Barracuda Sentinel is a cloud service that uses artificial intelligence (AI) to stop spear phishing and cyber fraud in real time. The service combines three powerful layers into a comprehensive solution that prevents targeted attacks in real time. The first layer is an artificial intelligence engine that learns existing communications patterns to predict future attacks and identifies high-risk individuals inside an organization. The second layer provides domain fraud visibility and protection using DMARC authentication to prevent domain spoofing and brand hijacking. The third layer includes targeted fraud simulation training for high-risk individuals. Barracuda Sentinel integrates directly with Microsoft Office 365 via API, so there is no impact on network performance or user experience, and setup typically takes less than five minutes. Barracuda Sentinel works alongside any existing email security solution, including Barracuda Essentials, native Office 365, and others.
Barracuda Essentials is one of the industry’s leading solutions to protect against phishing and other email-borne attacks in Office 365. It addresses customers’ security concerns with advanced features including attachment sandboxing, antivirus, anti-phishing, and typosquatting protection to secure against advanced threats. Data loss protection and email encryption keep sensitive information, such as credit cards and customer data, safe. Secure archiving and backup helps customers ensure regulatory compliance.
Barracuda Essentials and Barracuda Sentinel are ideally suited for managed service providers (MSP), with their pure-cloud architecture, easy-to-use centralized management, and support for multi-tenancy.
Barracuda PhishLine provides leading-edge user awareness training to counter sophisticated phishing and socially-engineered spear phishing attacks. Using advanced, computer-based security awareness training and simulation, it transforms your users from part of the attack surface into a robust extra layer of protection. PhishLine helps your users sharpen their anti-phishing skills by challenging them with a wide variety of original and customizable phishing simulations, including email, voicemail, SMS, and even physical media. With end-user testing, reporting, and comprehensive metrics, PhishLine lets you take prompt and meaningful action against these potentially costly threats.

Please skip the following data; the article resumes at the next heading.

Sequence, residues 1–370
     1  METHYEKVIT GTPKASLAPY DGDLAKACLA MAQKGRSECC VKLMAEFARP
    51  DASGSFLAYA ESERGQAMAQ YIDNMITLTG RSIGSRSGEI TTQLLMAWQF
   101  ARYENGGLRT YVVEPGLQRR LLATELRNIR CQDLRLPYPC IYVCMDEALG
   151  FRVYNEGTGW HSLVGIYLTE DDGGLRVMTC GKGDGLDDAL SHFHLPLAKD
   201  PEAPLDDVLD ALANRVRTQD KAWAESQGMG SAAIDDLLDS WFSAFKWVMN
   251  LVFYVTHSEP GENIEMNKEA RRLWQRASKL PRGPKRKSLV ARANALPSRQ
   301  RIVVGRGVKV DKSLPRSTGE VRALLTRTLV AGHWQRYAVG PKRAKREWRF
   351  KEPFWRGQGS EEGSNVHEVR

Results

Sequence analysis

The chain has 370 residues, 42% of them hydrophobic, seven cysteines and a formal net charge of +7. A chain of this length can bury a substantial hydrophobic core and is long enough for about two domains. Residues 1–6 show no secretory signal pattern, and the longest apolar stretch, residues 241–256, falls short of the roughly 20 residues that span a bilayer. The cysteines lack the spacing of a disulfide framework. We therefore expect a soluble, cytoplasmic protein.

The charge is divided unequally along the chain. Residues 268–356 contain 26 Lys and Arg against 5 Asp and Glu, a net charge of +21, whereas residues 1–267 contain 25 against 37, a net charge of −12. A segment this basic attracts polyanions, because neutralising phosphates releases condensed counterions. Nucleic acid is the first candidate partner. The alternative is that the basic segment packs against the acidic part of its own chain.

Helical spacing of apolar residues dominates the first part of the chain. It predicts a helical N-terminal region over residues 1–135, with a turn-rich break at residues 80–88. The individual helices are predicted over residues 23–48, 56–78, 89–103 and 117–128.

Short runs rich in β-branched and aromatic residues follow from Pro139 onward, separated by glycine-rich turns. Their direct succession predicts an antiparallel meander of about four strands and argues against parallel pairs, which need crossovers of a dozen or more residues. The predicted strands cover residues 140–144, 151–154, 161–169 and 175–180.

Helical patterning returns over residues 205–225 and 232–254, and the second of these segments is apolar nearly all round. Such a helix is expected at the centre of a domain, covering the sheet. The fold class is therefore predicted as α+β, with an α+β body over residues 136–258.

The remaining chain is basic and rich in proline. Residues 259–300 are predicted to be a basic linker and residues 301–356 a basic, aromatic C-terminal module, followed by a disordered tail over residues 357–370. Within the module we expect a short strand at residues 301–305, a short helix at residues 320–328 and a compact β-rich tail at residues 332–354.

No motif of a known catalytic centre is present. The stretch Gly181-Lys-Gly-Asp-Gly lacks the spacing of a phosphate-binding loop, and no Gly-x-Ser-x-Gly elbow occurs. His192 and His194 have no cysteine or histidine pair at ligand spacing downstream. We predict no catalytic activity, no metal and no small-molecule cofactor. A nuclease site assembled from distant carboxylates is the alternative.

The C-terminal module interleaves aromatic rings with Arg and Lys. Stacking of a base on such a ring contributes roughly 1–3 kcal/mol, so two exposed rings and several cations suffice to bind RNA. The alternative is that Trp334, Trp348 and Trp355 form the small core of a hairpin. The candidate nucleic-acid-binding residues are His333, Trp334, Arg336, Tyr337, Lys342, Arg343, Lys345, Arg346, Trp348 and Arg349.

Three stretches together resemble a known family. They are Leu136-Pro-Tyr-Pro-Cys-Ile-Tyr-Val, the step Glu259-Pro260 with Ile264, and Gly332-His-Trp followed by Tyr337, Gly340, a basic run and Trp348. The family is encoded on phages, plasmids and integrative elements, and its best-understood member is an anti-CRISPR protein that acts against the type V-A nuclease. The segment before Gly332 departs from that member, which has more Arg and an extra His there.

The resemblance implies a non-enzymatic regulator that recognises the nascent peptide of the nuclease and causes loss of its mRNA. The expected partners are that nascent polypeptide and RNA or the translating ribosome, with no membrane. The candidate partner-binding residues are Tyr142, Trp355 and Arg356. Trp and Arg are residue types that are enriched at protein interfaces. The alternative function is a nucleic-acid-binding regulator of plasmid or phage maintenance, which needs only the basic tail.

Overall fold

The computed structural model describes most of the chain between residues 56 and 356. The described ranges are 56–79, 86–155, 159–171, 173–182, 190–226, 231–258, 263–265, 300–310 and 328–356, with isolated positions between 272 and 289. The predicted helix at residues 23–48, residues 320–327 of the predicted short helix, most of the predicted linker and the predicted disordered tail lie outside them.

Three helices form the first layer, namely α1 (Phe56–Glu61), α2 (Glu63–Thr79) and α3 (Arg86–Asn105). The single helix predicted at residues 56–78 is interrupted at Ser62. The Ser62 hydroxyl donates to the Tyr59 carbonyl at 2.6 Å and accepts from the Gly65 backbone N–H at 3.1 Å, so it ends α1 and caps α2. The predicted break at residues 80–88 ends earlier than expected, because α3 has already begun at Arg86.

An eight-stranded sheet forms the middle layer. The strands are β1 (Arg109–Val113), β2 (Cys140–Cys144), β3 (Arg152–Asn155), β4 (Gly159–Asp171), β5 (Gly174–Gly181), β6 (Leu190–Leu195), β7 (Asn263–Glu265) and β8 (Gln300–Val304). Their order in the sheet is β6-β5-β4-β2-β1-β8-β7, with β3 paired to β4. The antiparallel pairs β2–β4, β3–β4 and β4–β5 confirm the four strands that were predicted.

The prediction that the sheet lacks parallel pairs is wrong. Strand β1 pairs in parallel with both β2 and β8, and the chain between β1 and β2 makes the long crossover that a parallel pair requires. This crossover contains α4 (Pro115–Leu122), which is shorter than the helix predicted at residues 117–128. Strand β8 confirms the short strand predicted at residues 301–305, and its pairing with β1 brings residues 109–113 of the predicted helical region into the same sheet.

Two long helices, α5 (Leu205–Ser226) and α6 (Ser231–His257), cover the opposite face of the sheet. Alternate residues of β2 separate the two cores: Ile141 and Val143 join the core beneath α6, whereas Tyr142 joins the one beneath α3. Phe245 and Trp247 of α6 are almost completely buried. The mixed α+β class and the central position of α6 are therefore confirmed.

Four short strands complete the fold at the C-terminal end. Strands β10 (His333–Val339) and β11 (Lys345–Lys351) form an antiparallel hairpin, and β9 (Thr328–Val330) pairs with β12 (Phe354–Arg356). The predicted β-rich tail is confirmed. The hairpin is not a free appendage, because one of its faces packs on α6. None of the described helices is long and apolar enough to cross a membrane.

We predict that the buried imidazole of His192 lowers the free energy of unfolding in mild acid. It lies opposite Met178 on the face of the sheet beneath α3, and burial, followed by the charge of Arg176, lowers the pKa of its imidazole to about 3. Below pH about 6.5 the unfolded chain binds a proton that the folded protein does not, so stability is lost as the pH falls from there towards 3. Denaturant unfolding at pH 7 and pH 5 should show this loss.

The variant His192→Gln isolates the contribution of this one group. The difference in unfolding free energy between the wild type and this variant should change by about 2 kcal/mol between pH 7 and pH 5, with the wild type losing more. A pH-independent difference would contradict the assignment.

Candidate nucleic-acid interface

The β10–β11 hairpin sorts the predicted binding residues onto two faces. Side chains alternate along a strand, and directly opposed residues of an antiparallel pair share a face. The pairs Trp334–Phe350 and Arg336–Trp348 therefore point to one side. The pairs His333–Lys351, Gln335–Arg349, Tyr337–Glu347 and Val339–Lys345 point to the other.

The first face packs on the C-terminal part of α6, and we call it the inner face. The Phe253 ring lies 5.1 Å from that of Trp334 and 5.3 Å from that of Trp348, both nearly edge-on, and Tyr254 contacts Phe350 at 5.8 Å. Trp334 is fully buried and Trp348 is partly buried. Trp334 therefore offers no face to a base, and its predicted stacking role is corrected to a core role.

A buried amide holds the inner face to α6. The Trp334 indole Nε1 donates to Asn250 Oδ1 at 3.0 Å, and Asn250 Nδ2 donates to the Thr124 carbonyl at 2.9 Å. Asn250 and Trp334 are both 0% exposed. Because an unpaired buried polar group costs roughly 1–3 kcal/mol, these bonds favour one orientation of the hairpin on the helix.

About Barracuda Networks
Barracuda Networks simplifies IT with cloud-enabled solutions that empower customers to protect their networks, applications and data regardless of where they reside. These powerful, easy-to-use and affordable solutions are trusted by more than 150,000 organizations worldwide and are delivered in appliance, virtual appliance, cloud and hybrid deployments. Barracuda’s customer-centric business model focuses on delivering high-value, subscription-based IT solutions that provide end-to-end network and data security. For additional information, please visit barracuda.com.